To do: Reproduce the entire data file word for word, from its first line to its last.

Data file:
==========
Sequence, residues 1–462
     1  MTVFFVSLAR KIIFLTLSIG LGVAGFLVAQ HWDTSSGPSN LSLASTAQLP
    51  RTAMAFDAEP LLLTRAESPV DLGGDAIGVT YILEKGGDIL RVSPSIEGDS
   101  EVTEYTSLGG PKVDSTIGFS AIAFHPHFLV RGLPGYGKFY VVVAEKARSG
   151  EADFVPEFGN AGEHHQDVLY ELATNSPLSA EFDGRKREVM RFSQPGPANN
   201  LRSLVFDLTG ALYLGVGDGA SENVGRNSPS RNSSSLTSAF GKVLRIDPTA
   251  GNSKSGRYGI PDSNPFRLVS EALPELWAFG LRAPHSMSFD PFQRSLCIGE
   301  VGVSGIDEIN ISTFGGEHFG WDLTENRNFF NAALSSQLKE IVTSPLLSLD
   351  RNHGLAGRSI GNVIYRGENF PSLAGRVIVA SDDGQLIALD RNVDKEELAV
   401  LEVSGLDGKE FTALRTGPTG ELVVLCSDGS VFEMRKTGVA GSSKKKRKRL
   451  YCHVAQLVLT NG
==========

Sequence, residues 1–462
     1  MTVFFVSLAR KIIFLTLSIG LGVAGFLVAQ HWDTSSGPSN LSLASTAQLP
    51  RTAMAFDAEP LLLTRAESPV DLGGDAIGVT YILEKGGDIL RVSPSIEGDS
   101  EVTEYTSLGG PKVDSTIGFS AIAFHPHFLV RGLPGYGKFY VVVAEKARSG
   151  EADFVPEFGN AGEHHQDVLY ELATNSPLSA EFDGRKREVM RFSQPGPANN
   201  LRSLVFDLTG ALYLGVGDGA SENVGRNSPS RNSSSLTSAF GKVLRIDPTA
   251  GNSKSGRYGI PDSNPFRLVS EALPELWAFG LRAPHSMSFD PFQRSLCIGE
   301  VGVSGIDEIN ISTFGGEHFG WDLTENRNFF NAALSSQLKE IVTSPLLSLD
   351  RNHGLAGRSI GNVIYRGENF PSLAGRVIVA SDDGQLIALD RNVDKEELAV
   401  LEVSGLDGKE FTALRTGPTG ELVVLCSDGS VFEMRKTGVA GSSKKKRKRL
   451  YCHVAQLVLT NG